Jamaican Singer Millie Small Passes Away at the Age of 73
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Jamaican singer Millie Small died after suffering a stroke at age 73. The star was best known for her hit single My Boy Lollipop, which in 1964 reached number two in both the USA and the UK. With more than seven million sales, it remains one of the best selling ska songs of all time. Founder of Island Records Chris Blackwell declared her death and described her as “a sweet person..really special”.
It was Blackwell who took Small to London in 1963, making her version of My Boy Lollipop, which showcased her childlike, high-pitched vocals.
Born in Clarendon, South Jamaica, Millicent Small was one of seven brothers and five sisters, born on the sugar plantation where her father was an overseer. She won a talent show at Montego Bay’s Palladium Theatre at the age of 12, and she recorded for Sir Coxone Dodd’s Studio One label in Kingston in her teens. She joined up with Reggae singer Roy Panton there, and they became one of the most successful duos on the island, scoring a massive hit with We’ll Meet.
Upon releasing some of those albums in the UK on his new record label, Island. Blackwell took an interest in the singer and took her to London in 1963. Small was enrolled for speech training and dance lessons at the Italia Conti Stage School. She visited the UK until cutting My Boy Lollipop with a group of London session musicians (Small believed Rod Stewart played the harmonica solo but rejected being present at the recording). This made her an international phenomenon, published in February 1964, and helped popularize ska music around the world.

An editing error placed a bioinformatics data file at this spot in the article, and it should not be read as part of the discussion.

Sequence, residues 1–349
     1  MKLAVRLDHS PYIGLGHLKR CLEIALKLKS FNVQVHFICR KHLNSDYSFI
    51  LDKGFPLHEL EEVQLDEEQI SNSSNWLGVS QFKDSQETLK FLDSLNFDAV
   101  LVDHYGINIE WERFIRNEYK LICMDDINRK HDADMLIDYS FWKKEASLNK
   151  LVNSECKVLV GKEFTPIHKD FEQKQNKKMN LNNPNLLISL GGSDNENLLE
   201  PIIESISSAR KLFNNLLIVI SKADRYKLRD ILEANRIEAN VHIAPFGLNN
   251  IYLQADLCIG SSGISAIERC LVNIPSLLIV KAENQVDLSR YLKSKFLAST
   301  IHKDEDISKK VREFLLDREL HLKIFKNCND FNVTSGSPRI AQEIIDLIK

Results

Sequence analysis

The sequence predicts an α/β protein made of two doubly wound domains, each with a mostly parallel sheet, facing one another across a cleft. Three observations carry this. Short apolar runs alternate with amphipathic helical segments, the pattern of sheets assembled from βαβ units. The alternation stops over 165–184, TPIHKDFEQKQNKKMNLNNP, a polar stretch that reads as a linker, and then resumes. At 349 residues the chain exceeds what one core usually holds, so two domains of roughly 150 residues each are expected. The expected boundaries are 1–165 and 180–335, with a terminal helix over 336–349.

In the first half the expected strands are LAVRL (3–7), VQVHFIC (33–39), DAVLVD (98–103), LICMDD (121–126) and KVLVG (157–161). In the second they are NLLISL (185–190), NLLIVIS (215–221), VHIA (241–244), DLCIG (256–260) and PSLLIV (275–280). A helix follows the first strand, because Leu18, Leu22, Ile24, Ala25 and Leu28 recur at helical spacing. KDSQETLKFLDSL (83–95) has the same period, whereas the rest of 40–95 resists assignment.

Big, however, was unable to duplicate My Boy Lollipop’s success. Scoring only one more hit, a soundalike named Sweet William, later that same year. Yet she began performing and recording. It regularly appeared on television shows like Juke Box Jury and Ready Steady Go in the 1960s.
She recorded for legendary reggae label Trojan Records. After leaving Island in 1970, where her first solo was a cover of Mayfair by Nick Drake. It was the b-side, however, that attracted more attention. Called Enoch Power, this was a defiant reaction to the racist, anti-immigration “Rivers of Blood”. The speech by Enoch Powell caught the mood of the Caribbean community in the UK.
She lived in Singapore and New Zealand in later years. Before returning to London where she focused on writing, painting, and raising her daughter. When My Boy Lollipop publishes in 1987 to mark the twenty-fifth anniversary of Island Records. The singer gave Thames TV a rare interview. Where she revealed she had been penniless and sleeping rough in London at one stage.
In 2011, the Governor-General of Jamaica named Small a Commander in the Order of Distinction for her contribution to the Jamaican music industry. The singer survives by her friend. Joan is also a London-based musician.